THIS ISLAND LIFE MOST journalists will tell you the actors and performers they happen upon during the course of their work rarely bear much resemblance to the image they present to the public.
The reason is simple. The job of these people is to entertain and to do this successfully entails sustained sessions of play-acting, at which they must be fairly accomplished or they wouldn’t be famous for it in the first place.
It means they are forced to endure a sort of professional schizophrenia, so it’s no surprise when a form of self-loathing takes over and they begin to hate themselves for having to be someone else in order to become popular.
It may also explain why, away from the spotlight, great entertainers such as Frankie Howerd, Tony Hancock and Kenneth Williams were taciturn, tortured souls who clearly felt they gave enough of themselves professionally and saw no need to do so privately.
I’m sorry to say, in my experience, very few who spend their lives in the public eye come into that blessed category of 'what you see is what you get’.
Patrick Moore, Michael Parkinson and Eric Sykes were golden exceptions to this rule and feminist comedian and writer, Rhona Cameron, with whom I once enjoyed a fascinating dinner, proved excellent company.
Sports stars often prove to be the biggest disappointment when you meet them face to face, because few are equipped to deal with the public side of fame and even fewer — certainly in the old days — received the training needed to cope with it.
This may explain why Jimmy Greaves, for example, proved to be sour-natured and monosyllabic; Malcolm Macdonald was stiflingly arrogant; while Mark Nicholas was so far up himself you could almost see his quiff appearing between his front teeth.
Which brings us to Mr John McCririck.
He spent most of last week attempting to convince an employment tribunal Channel 4 had displayed rampant ageism when they dispensed with his services after he had passed his 73rd birthday.
They, in turn, said he was losing credibility as a racing pundit because he had taken his self-confessed image of a loud, opinionated, sexist, bigot on to shows such as Celebrity Big Brother and Celebrity Wife Swap.
But Big Mac (as he likes to be known) insisted the station encouraged his excesses because it helped viewing figures.
I can tell you from personal experience that very little encouragement would have been required.
A few years ago, as editor of the local paper, I attended a press lunch at Goodwood racecourse, which was held to launch the new flat racing season and, equestrianism not being my strong suit, the only person I recognised among the throng of racing journalists and broadcasters was McCririck. He was audible for some considerable time before he became visible, with his cackling, cawing, honking and snorting drowning out almost every other attempt at conversation.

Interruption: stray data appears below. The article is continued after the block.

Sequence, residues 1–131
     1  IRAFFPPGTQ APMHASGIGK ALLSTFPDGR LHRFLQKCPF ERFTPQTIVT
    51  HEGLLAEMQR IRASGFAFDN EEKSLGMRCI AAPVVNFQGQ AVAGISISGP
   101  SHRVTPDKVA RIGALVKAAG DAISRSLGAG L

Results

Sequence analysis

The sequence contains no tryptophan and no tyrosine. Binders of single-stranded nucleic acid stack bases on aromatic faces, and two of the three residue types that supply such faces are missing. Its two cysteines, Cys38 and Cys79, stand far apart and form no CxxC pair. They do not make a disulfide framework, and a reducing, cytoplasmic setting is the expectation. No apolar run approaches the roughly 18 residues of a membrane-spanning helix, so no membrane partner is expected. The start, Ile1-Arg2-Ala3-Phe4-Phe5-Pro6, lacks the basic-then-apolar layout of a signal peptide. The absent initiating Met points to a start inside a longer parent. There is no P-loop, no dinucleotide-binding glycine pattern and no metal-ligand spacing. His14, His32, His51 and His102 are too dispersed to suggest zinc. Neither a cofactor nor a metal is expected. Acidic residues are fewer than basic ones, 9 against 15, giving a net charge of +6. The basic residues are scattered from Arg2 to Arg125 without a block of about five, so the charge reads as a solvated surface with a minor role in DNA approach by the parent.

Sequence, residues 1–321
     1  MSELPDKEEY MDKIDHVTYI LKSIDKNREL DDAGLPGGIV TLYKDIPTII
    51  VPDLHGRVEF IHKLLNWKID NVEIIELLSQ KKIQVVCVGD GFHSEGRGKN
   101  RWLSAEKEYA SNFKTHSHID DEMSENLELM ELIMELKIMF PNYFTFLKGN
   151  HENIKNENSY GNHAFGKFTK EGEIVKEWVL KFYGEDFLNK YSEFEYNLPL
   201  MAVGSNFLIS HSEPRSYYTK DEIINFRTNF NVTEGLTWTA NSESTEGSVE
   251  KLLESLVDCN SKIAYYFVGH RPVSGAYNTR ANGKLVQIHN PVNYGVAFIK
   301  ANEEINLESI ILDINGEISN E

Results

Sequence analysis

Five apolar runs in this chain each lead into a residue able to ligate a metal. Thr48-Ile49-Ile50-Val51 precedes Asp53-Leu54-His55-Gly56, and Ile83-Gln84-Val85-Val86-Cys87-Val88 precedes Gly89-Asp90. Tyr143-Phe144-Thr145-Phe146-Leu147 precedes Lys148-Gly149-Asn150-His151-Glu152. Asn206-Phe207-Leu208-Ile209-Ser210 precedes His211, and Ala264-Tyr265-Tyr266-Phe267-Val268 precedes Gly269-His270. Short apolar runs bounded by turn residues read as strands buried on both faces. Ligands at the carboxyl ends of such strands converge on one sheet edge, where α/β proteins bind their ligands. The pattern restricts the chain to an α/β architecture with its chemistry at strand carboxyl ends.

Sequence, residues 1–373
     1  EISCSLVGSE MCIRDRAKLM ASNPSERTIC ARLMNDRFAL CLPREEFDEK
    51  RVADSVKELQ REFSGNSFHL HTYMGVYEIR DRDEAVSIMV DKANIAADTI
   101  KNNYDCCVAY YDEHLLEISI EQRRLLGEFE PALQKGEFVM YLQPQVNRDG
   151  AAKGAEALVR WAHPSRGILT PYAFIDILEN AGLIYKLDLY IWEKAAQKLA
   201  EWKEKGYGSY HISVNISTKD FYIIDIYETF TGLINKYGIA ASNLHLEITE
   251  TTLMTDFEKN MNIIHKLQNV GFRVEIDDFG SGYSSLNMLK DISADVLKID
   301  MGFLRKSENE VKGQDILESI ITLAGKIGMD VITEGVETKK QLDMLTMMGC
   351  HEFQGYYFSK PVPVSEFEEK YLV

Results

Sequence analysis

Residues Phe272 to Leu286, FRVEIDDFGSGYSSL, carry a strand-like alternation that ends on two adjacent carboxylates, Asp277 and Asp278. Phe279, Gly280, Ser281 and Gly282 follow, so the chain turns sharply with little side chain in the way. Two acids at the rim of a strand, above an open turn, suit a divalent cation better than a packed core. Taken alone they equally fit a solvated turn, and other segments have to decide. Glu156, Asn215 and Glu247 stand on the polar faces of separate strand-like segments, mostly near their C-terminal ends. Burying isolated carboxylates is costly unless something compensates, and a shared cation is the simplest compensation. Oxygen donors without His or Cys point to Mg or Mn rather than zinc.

When he eventually hove into view, it was like being confronted by a human goods train as he glittered, glinted, clinked, clanked and puffed his way to the table.
Mine was some distance away (thank God) but it didn’t really matter because, like everyone else in the room, I had no choice but to listen to every word he had to say — and they came in a relentless torrent.
I bow to no-one in my admiration for genuine characters; my life has been enormously enriched by many of them.
But McCririck does not come into this category, because he deliberately set about enhancing his less attractive qualities to fill a gap in the celebrity market.
Let us hope the void continues to remain unfilled.
New showcase for IW talent would be win-win
Vic Farrow has helped rejuvenate IW entertainment.
SHANKLIN Theatre — thanks to the work of a huge number of volunteers and the show-business contacts of Vic Farrow — has helped rejuvenate live entertainment on the Island.
The venue regularly presents an eclectic mix of well-known stars, performers of promise and several local productions.
However, having watched an exceptional Madonna tribute show called MDNA at Shanklin Conservative Club recently, it occurred to me there may be a small hole in the theatre’s schedules which has thus far gone unfulfilled.
Talented local performers such as MDNA, as opposed to local actors, do not feature very regularly at Shanklin Theatre and I wonder if the time has come for Vic to put this right.
Brian Sharpe once told me of the enormous number of gifted musicians and singers on the Island, whose talents continue to go relatively unappreciated in their own backyard.
There are also comedians living here who would probably relish the opportunity of honing their talents and showing the locals what they are missing.
If Vic could arrange a Sunday evening concert, initially for charity perhaps, the event could act as a showcase for IW talent, attract even more new faces to the stalls and give worthy causes on the Island (Chelsea’s Wishes is the one I have in mind) a welcome boost to funds.